Over the past three weeks, a very popular data leak forum has been busy selling and then releasing (almost for free) a database of more than 200 million Twitter users. For each entry in the file is the name, username or email address linked to an account, in addition to other public information. Although this database still consists of relatively low-value data, it is nevertheless interesting because of its enormous amount.
The social network and its leader Elon Musk -usually very talkative- avoided commenting on these events… until yesterday. The User Privacy Team said in a statement that after reviewing the published database, they found ” there is no evidence that the data sold online was obtained through a flaw in Twitter’s systems. »
A dubious assumption to avoid fines
Twitter suggests that the individuals behind the file leak may have simply been performing data enrichment, a practice that involves cross-referencing different databases. Actually, they would have collected public data from Twitter like usernames, display names or account creation dates, but then they just cross-checked them with other data sets to correlate addresses theirs. E-mail. In this hypothesis, the social network rejects any responsibility for the leakage of personal data, which will expose it to fines in certain laws, and especially in Europe with the RGPD.
However, Alon Gal, a respected data breach analyst at Hudson Rock, cast doubt on Twitter’s theory on his LinkedIn account. For him, the authenticity of the leak can be seen by the absence of false positives in the file account/email associations, which is common in cases of simple enrichment. Other analysts corroborate these claims, but it remains difficult to determine with certainty the source of the data.
The social network also correctly points out that the database does not contain any password or other data that would make it possible to become one, which greatly reduces its risk for the integrity of Twitter accounts.
The hypothesis of using a flaw is not excluded
The individuals behind the leaked file claimed that it exploited a vulnerability in the way the API works [l’interface de connexion avec d’autres sites, ndlr] of Twitter, at the end of 2021. In August 2022, the social network – which was not yet under the control of Elon Musk – recognized the existence of this bug, which was rebuilt by an ethical hacker in January and fixed immediately.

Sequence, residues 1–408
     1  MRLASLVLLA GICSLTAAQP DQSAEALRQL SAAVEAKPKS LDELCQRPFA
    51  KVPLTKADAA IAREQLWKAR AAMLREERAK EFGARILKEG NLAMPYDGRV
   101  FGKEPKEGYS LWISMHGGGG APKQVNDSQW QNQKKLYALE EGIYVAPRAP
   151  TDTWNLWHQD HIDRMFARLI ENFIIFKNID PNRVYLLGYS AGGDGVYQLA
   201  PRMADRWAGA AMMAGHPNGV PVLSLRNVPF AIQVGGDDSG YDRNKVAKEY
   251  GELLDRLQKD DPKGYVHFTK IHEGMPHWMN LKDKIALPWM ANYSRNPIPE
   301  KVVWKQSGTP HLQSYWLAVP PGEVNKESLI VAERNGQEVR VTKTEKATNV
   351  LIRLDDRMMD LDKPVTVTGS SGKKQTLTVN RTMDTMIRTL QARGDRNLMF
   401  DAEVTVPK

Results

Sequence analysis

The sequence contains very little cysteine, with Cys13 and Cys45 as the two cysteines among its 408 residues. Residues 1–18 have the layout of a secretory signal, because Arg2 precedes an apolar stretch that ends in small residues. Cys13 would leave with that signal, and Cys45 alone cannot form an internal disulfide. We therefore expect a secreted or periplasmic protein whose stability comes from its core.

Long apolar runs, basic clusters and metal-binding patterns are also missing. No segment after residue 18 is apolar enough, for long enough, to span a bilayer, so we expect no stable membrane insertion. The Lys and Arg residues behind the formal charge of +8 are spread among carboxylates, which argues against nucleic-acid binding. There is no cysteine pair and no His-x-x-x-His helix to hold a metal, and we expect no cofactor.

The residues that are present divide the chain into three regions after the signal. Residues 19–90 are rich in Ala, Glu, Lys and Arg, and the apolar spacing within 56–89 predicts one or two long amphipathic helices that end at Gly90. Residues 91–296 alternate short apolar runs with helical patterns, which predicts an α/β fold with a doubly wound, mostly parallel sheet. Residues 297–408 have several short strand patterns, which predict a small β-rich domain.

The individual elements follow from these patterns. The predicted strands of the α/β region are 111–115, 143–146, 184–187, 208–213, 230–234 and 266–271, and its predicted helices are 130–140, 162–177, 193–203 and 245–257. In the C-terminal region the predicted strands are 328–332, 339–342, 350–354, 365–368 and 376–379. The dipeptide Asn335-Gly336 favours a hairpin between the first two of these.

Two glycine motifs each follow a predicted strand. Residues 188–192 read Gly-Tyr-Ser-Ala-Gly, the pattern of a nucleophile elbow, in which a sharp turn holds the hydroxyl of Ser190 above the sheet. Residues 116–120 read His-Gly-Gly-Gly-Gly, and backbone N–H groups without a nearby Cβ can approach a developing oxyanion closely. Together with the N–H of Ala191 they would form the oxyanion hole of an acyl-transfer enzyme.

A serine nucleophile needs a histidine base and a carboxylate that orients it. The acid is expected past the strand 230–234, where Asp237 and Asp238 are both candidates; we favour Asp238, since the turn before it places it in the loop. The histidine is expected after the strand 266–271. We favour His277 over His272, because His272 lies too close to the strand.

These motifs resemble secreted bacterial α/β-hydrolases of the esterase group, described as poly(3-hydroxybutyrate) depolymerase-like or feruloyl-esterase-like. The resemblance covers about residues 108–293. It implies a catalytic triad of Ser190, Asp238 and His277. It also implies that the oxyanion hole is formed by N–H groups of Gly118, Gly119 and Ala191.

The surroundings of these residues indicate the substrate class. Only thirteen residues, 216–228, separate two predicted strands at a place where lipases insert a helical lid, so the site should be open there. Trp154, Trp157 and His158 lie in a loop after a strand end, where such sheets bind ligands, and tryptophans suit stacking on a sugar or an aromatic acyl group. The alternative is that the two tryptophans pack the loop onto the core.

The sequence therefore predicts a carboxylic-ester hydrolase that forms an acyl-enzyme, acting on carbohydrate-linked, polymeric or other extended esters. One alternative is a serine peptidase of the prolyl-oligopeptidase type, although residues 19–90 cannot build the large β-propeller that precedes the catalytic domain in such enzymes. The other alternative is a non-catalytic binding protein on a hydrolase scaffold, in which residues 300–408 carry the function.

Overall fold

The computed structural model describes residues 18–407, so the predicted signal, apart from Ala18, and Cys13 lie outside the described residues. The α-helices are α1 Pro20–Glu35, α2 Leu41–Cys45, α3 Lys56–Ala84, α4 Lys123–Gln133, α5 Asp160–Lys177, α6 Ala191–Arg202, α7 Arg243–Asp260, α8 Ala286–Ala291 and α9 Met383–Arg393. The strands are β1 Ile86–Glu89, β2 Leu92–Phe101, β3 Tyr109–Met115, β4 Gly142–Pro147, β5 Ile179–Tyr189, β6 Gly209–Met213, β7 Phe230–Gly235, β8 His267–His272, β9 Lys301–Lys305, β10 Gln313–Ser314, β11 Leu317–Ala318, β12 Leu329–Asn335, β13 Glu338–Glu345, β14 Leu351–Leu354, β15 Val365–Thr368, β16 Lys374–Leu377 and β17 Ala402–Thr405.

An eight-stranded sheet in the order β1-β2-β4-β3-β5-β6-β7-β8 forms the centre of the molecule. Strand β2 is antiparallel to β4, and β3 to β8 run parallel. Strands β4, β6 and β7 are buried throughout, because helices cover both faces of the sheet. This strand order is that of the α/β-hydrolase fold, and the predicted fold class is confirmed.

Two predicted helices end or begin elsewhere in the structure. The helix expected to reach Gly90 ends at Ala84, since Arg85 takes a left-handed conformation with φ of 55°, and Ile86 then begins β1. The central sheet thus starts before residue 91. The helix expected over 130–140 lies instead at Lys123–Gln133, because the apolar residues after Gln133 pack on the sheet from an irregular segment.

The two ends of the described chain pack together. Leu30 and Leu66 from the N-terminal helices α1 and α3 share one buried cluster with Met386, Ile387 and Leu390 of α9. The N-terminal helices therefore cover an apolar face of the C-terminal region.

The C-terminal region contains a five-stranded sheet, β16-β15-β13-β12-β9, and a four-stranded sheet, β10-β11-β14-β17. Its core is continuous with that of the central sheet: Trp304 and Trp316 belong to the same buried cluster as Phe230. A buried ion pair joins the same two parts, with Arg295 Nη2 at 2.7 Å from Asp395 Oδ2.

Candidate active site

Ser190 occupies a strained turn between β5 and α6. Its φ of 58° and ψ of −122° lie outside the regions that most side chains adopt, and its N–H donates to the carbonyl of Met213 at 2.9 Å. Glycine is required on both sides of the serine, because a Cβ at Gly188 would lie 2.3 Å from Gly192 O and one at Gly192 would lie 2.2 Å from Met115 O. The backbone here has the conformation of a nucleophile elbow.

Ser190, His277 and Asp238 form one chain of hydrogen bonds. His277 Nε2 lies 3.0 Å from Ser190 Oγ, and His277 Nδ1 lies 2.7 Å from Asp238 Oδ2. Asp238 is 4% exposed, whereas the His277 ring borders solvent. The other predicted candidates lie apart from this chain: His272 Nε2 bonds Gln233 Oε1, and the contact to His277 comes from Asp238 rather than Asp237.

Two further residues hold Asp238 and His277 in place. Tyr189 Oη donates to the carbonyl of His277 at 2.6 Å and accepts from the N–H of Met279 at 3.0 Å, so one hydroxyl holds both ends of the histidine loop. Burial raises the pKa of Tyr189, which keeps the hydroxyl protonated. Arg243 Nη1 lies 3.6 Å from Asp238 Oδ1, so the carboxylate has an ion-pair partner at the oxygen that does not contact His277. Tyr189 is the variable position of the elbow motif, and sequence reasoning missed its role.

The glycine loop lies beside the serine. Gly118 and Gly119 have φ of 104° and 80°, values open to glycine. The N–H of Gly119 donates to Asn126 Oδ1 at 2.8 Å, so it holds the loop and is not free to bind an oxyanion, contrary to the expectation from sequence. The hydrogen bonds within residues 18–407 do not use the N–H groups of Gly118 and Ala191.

When an API user submits an email address, the API returns the associated account – which it shouldn’t have done. All you have to do is repeat the operation with email lists, of which there are hundreds circulating on unscrupulous forums to build a database. In other words, Twitter did not leak personal data (email address) but allowed it to be linked to an account. Fortunately, this association is not enough to connect to the accounts, because you need the password as well as the double authentication code if it is activated. On the other hand, it allows malicious individuals to target accounts of interest (personalities, companies, etc.) using phishing [messages piégeux, ndlr] personalized, hoping to steal this information from them.
This summer, Twitter confirmed the link between this bug and the publication of a database of 5.4 million users during the summer. But the new administration says the 200 million user base cannot be attributed to it. ” We were unable to link the new data to the previous incident “, states the social network in its press release.
Twitter in the sights of regulators
However, Twitter did not directly contact users affected by this summer’s leak, nor did it intend to notify those affected by the recent leak. The American regulator – the Federal Trade Commission– and the data authority of Ireland – where Twitter’s European headquarters are located – have both opened investigations into the incidents, and in general into the security of the social network. Following the hiring of Elon Musk at the end of October, at least three executives in charge of security and data integrity at Twitter resigned, without being replaced.
As a reminder, Meta, Facebook’s parent company, was fined 275 million euros in Europe for violating the GDPR, following the publication of a similar database (with phone numbers instead of email addresses) in 2021.